A whole new look at the 1,200-year-old canoe found in Lake Mendota
New 3D scans allow researchers to begin studying the boat while it is being preserved.
MADISON, Wis. (WMTV) - In a facility described as looking like the warehouse from Raiders of the Lost Ark, “except in the Wisconsin, there’s a vintage Oscar Mayer Wienermobile and lots of historic beer barrels,” images were captured that offer a whole new perspective on the 1,200-year-old canoe pulled from Lake Mendota last fall.
The director of UW’s Grainger Engineering Design and Innovation Laboratory, Lennon Rodgers, scanned 3D renderings of the 15-foot fishing boat that was discovered last June and pulled ashore at Spring Harbor Beach five months later. The Wisconsin Historical Society estimates the canoe dates back to the year 850 c.e.
The renderings will allow researchers to dive right in and begin combing over the details of the boat while the real life one undergoes what is expected to be a multi-year preservation effort. Wisconsin State Archaeologist James Skibo described Lake Mendota as the most studied lake in the world and says he has similar goals for the canoe it swallowed back when Charlemagne’s grandchildren still ruled much of Europe.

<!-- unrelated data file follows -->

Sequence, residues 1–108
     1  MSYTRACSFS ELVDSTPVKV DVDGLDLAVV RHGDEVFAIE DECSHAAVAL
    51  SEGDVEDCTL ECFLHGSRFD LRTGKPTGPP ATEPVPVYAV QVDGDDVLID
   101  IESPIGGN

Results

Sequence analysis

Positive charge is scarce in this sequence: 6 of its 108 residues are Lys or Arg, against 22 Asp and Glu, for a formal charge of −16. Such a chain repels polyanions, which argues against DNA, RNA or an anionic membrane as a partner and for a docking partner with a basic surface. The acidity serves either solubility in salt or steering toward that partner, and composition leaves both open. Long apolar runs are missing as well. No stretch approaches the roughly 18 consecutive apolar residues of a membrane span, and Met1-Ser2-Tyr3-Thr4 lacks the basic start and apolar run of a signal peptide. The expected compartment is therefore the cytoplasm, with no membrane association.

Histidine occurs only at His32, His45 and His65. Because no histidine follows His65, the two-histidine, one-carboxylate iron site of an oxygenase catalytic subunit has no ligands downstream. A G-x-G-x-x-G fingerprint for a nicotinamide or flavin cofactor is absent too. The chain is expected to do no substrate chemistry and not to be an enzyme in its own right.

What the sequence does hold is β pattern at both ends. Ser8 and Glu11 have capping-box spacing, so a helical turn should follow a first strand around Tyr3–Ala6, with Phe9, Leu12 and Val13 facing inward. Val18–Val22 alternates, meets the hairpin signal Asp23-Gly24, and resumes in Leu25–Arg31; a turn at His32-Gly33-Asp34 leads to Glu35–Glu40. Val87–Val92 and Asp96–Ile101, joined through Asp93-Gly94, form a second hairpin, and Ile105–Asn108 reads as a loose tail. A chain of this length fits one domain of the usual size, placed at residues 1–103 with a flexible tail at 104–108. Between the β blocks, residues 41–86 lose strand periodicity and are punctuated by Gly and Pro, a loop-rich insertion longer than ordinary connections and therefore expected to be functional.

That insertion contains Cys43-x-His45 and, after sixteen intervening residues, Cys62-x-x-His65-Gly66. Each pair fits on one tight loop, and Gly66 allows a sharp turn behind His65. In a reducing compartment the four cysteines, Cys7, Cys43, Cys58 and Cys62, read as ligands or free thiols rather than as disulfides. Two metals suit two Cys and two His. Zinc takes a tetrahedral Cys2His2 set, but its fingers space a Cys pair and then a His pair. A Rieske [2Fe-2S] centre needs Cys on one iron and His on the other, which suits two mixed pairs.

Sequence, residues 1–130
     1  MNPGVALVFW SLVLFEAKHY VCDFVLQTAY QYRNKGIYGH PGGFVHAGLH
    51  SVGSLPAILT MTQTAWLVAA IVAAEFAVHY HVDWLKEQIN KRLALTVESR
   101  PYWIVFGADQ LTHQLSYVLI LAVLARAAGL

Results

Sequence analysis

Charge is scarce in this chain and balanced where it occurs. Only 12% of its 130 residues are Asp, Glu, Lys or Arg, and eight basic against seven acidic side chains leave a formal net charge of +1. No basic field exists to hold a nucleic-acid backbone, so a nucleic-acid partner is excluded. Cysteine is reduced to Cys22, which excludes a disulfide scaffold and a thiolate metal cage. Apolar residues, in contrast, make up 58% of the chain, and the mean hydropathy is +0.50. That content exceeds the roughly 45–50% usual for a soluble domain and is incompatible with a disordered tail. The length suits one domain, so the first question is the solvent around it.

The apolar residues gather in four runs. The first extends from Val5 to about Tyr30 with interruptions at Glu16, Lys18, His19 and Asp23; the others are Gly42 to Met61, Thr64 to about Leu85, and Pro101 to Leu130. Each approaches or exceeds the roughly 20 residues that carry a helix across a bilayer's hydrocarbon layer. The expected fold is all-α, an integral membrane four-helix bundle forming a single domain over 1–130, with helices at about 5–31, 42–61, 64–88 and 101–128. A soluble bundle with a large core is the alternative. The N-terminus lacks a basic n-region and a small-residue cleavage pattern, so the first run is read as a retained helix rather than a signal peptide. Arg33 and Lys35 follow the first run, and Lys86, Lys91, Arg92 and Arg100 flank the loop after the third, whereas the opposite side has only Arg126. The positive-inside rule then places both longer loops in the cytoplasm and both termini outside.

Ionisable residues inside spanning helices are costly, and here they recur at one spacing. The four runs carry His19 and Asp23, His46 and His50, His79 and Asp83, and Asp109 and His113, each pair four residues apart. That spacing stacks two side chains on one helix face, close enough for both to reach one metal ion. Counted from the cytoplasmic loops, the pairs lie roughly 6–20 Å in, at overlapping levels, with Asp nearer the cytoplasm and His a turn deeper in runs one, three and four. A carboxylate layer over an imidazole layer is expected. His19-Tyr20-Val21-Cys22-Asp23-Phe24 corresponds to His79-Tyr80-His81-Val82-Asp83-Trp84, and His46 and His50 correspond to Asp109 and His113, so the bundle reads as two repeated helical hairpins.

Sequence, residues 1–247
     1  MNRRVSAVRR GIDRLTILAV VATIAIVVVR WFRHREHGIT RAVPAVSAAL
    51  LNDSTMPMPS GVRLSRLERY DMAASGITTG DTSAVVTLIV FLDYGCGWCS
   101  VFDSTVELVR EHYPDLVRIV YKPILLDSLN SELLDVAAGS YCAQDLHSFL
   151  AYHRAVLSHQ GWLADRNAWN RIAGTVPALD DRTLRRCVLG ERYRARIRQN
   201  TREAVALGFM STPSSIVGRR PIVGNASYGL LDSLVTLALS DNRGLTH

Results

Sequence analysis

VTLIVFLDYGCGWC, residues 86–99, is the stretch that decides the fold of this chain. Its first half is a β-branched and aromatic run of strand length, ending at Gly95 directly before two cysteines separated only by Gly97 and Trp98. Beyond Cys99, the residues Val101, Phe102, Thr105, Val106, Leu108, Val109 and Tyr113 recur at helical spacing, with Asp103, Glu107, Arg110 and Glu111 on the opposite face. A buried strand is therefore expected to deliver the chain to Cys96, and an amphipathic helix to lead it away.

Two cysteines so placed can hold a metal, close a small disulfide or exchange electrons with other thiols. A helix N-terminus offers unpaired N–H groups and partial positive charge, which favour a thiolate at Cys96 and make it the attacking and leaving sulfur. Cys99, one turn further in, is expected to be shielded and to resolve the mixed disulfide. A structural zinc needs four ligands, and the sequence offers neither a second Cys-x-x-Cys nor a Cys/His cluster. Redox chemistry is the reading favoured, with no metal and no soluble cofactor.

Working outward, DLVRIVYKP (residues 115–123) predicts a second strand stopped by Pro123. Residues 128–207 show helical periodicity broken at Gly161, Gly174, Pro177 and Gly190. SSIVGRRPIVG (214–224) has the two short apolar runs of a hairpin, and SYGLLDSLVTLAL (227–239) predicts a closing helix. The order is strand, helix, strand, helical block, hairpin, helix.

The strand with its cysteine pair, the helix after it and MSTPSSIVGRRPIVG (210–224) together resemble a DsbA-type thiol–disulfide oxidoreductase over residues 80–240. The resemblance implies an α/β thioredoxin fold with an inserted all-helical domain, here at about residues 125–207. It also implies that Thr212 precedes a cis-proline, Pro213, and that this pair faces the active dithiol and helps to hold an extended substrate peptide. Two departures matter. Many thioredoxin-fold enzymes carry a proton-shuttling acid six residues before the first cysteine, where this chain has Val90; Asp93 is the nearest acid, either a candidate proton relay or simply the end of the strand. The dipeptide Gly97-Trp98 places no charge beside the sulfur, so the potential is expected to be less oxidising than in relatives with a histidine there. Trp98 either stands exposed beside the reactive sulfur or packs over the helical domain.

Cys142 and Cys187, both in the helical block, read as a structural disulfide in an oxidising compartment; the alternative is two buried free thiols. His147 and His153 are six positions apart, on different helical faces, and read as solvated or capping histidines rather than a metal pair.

“I want to make this the most studied canoe in the world. We want to use every resource available to learn as much as we can about this vessel to tell a variety of stories,” Skibo said. Skibo and the Wisconsin Historical Society’s Senior Collections Manager Scott Roller cold-called Rodgers to come take the scans before the preservation work started – a call Rodgers said he was happy to take.
“I really enjoy working in interdisciplinary settings,” Rodgers said. “I hung out with these archaeologists and historians and I could see they think differently from engineers. That’s why I’m attracted to these projects. They have a fresh, different approach to problem solving, and we as engineers can work with them in a complementary way.”
Only a few dozen other canoes have been found and none of them had the types of artifacts that this one did, the UW statement explained. So far, researchers have gleaned that the canoe was most likely used by the effigy mound builders from that era. The boat was likely sunk on purpose, as opposed to other ones that were found buried, which was a tactic used for winter storage.
With crews hoisting the canoe from its custom soaking tank, Rodgers took two scans: one with his iPhone, using the lidar sensor that powers its Face ID and photogrammetry and a second one with a 3D scanner with a resolution down to 0.05 millimeters.
“Now we have a really good three-dimensional scan of this object. You can see all the way down to the tool marks,” Rodgers said.
Rodgers’ work generated a computer model that can be spun around, flipped, zoomed in on or whatever a researcher needs to do to get a better look.
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